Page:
Nearly six months ago, the nation’s five largest loan providers — Ally/GMAC, Bank of America, Citi, JPMorgan Chase and Wells Fargo — agreed to the $25 billion National Mortgage Settlement in response to the ongoing foreclosure crisis.
The terms of the settlement just went into full effect.
Thanks to California Attorney General Kamala Harris, almost half the settlement — $12 billion — was set aside for our state. Read More
Fannie Mae and Freddie Mac were prime players in the mortgage meltdown that led to the worst recession since the Great Depression. Those government-backed corporations own more than 60 percent of the mortgages in California, which is second only to Nevada in devastation from the foreclosure crisis. In the past five years more than 768,000 homes have been foreclosed upon in this state, including thousands in San Francisco from Bayview to Pacific Heights. Read More
WHAT: Lee Farkas, former chairman of Florida’s collapsed Taylor Bean & Whitaker mortgage company, was sentenced to 30 years in federal prison for running what prosecutors called one of the “largest bank fraud schemes in this country’s history.” Read More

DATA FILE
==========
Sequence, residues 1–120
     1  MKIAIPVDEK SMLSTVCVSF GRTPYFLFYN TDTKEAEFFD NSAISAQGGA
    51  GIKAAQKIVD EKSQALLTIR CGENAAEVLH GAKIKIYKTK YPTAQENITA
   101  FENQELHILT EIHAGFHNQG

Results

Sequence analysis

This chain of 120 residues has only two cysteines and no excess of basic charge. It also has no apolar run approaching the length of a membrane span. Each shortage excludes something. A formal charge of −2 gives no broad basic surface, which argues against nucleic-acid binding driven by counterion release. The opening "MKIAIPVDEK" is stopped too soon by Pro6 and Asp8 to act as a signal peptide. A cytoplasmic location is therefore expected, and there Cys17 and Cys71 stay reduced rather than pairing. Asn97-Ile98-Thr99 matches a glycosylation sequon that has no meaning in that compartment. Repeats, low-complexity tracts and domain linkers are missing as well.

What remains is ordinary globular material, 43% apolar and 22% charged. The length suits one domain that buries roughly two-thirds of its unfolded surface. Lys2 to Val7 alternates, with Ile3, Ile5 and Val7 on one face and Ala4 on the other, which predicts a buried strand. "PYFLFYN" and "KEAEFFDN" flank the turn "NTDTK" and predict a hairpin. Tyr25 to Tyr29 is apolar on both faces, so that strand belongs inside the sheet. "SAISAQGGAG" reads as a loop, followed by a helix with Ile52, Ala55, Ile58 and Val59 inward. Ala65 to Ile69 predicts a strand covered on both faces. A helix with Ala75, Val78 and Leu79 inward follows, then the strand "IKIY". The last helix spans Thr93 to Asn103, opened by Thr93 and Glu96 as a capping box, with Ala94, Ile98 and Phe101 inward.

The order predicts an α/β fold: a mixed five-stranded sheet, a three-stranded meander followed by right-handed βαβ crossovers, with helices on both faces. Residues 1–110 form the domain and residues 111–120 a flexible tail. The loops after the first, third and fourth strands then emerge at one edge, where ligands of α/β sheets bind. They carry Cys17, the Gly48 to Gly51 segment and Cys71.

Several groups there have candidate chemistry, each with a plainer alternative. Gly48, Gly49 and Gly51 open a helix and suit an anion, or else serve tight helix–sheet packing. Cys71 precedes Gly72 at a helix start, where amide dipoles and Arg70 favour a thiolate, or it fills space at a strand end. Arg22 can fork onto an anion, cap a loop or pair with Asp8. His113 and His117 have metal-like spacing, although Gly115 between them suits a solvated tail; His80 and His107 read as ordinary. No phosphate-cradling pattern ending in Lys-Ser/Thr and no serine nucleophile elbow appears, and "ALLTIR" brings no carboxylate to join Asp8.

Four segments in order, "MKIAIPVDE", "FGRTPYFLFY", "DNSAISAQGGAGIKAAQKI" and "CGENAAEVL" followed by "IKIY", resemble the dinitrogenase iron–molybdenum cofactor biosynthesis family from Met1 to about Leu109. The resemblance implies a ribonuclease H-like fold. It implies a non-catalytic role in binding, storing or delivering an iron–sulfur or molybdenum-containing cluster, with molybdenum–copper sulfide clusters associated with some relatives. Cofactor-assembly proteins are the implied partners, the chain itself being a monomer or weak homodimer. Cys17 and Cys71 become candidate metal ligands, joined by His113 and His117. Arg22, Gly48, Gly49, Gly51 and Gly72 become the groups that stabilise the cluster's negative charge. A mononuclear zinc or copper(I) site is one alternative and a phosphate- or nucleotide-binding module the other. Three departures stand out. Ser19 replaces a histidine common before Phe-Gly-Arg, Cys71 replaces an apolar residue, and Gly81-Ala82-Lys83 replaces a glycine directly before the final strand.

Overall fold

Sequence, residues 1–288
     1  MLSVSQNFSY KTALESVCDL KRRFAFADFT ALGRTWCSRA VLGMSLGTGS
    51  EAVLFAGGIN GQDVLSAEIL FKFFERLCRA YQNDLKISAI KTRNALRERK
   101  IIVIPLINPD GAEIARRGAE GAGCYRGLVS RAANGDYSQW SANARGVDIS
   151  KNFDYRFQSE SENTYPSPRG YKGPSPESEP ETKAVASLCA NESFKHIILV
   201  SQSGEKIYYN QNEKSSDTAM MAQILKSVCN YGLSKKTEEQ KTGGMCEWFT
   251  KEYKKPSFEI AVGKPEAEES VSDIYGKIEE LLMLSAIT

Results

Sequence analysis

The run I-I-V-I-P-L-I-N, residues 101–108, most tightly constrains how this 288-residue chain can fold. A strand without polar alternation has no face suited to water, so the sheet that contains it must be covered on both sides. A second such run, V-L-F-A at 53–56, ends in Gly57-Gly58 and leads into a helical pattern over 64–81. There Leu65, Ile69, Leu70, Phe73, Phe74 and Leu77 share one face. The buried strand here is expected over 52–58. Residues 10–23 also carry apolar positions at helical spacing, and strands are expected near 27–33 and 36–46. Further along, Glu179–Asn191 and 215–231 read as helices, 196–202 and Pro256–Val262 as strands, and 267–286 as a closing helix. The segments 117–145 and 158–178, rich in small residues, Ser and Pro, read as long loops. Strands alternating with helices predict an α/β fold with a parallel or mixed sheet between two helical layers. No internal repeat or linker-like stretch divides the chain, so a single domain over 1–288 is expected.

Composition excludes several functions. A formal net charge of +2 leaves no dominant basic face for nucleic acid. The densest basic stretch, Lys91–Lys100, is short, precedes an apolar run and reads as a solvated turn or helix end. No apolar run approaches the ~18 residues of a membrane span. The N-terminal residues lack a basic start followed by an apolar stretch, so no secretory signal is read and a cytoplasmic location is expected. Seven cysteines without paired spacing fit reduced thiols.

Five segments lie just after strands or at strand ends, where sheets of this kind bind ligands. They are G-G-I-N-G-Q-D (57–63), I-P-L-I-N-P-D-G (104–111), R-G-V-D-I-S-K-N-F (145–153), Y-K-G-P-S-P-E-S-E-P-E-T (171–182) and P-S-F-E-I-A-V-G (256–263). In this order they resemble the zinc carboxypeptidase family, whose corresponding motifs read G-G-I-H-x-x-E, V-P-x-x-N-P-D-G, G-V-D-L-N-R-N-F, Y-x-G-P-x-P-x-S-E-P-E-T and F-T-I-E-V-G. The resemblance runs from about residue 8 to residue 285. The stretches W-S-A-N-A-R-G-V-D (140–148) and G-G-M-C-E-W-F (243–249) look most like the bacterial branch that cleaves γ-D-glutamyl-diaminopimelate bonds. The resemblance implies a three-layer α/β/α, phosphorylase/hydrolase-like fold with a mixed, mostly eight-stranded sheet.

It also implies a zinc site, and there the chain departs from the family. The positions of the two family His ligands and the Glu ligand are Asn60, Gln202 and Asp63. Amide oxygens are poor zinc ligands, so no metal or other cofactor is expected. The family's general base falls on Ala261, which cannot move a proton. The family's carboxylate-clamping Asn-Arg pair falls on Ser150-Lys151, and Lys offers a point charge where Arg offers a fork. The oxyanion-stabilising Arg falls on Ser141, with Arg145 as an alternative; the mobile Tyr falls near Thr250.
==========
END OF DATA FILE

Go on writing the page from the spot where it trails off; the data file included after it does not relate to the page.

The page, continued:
Many explanations have been written about what caused the 2008 financial crisis. George Mason University economics professor Russ Roberts’ paper “Gambling with Other People’s Money: How Perverted Incentives Caused the Financial Crisis” is among the best. Read More
In the financial reform bill that passed last year, there was only one requirement with respect to mortgage giants Fannie Mae and Freddie Mac. President Barack Obama had to come up with a plan for reforming them by Jan. 31, 2011. Read More
In the minds of most political journalists, it seems there is no greater virtue than "moderation" or pragmatism. In the past year, the media's two great exemplars of practical-minded centrism have been Democrat Sen. Read More
In the financial reform bill that passed last year, there was only one requirement with respect to mortgage giants Fannie Mae and Freddie Mac. President Obama had to come up with a plan for reforming them by Jan. 31, 2011. Unfortunately, it proved too difficult for the White House to meet a deadline it imposed on itself. Read More
Who said we should take it slow and be careful with reforming Fannie and Freddie because we don't want to break anything? Not Rep. Barney Frank, D-Mass., but instead, several Republican congressmen apparently abandoning their bid to reform the two government-sponsored enterprises (GSEs) in a mere two years. Apparently they're forgetting that voters weren't voting for a change of heart: Read More
If you read this uncharacteristically lengthy piece in USA Today, you get a real sense of how bad things could get if the government actually gets out of the housing business altogether: Read More